Taylor cautioned that anyone who tried to unsettle the union by sedition or force would be hanged. This aroused fury among some Democrats who pushed for the enactment of another Fugitive Slave Law that required all slave owners to return slaves to their original land. Since Taylor refused to adhere to any of their demands, the Democrats manipulated the senate and the Compromise of 1850 was finally enacted. This act admitted the existence of unrestricted states and territories. This concession cultured a sharp debate over which states are free and which ones were to remain as territories. People from the North were irritated by the concession to the South. They vowed never to allow further extension of slavery. This brought about animosity that later culminated in American Civil Wars as Taylor continued to spread his personal dogmas.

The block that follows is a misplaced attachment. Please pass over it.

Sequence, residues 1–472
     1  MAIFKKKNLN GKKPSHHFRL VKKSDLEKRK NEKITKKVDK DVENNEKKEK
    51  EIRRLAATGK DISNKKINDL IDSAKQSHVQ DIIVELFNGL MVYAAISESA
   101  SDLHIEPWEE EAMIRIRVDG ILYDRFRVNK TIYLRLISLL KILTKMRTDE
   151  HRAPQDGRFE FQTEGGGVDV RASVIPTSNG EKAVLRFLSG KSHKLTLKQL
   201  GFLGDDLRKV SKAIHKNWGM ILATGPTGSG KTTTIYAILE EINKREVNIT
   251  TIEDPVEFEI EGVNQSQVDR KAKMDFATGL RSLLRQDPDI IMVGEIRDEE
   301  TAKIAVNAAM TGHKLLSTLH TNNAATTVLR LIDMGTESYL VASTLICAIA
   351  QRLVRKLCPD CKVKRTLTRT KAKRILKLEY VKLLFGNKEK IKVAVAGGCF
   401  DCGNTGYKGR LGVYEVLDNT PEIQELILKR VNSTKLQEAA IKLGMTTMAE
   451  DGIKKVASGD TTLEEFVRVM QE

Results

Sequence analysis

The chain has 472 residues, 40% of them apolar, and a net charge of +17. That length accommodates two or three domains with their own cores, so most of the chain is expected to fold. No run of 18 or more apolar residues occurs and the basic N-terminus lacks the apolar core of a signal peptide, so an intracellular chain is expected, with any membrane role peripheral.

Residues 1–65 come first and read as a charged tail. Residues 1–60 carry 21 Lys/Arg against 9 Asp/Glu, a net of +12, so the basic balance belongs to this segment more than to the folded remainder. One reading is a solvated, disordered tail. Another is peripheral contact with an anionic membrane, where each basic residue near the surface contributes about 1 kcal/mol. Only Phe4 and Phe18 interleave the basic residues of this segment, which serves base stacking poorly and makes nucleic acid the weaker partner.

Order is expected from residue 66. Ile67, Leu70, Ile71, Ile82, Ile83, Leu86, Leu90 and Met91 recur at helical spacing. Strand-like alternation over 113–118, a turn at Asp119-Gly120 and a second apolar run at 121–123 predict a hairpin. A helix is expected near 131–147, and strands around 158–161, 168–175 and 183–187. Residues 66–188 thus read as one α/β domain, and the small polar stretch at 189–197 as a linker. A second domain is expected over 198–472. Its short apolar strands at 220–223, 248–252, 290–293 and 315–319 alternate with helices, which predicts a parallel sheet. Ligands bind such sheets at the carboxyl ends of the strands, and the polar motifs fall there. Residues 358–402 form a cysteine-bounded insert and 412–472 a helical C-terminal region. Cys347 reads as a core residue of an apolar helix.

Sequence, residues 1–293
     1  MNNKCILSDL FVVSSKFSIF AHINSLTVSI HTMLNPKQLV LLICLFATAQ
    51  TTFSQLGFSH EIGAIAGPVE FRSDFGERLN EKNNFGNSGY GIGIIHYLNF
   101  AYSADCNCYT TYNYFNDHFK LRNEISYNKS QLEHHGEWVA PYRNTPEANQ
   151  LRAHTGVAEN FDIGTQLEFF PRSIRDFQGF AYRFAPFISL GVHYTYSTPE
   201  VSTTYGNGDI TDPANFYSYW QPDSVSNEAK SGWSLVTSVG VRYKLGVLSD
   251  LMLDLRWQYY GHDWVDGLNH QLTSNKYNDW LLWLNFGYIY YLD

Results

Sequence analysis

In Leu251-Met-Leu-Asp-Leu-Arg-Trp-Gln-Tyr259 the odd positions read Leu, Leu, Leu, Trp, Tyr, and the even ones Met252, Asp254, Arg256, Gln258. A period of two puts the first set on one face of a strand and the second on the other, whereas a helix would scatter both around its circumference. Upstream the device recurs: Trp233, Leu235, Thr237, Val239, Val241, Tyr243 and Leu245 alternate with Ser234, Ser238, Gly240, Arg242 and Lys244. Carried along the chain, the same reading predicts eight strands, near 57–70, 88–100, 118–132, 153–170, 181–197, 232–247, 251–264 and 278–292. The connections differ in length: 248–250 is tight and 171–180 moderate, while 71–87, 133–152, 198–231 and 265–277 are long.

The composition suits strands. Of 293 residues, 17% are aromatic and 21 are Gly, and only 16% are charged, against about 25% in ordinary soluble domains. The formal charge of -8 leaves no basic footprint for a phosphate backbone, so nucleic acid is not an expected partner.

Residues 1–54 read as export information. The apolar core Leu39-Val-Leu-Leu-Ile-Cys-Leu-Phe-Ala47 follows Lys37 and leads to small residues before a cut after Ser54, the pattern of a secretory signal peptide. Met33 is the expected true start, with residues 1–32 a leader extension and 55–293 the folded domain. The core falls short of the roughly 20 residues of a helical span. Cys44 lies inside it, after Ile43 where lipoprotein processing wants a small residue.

Prior to the commencement of the civil wars, strong governance and party politics were unquestionably vital. Remarkably, Taylor damaged his cause by declining to engage the congress and form a practical coalition at such an important time. Holding onto his beliefs that the President was above political parties is also among his major misdoings. These trivial mistakes costed him power, and the entire world scorned him following the civil wars that adversely damaged America.
As president, Taylor was affected by a high influx of immigrants in the 1830s and the situation raised a matter of concern. The new immigrants preferred to settle at Irish and in the Mid-Atlantic States. He welcomed the German intellectuals and the liberal reformers in his land. The high number of immigrants prompted him to tighten the laws of the country since immigration resulted in social reforms movements that advocated for their rights and freedom. Hence, Taylor option was to oppose the forces of reforms through laws to limit immigration, abolitionism and evangelism.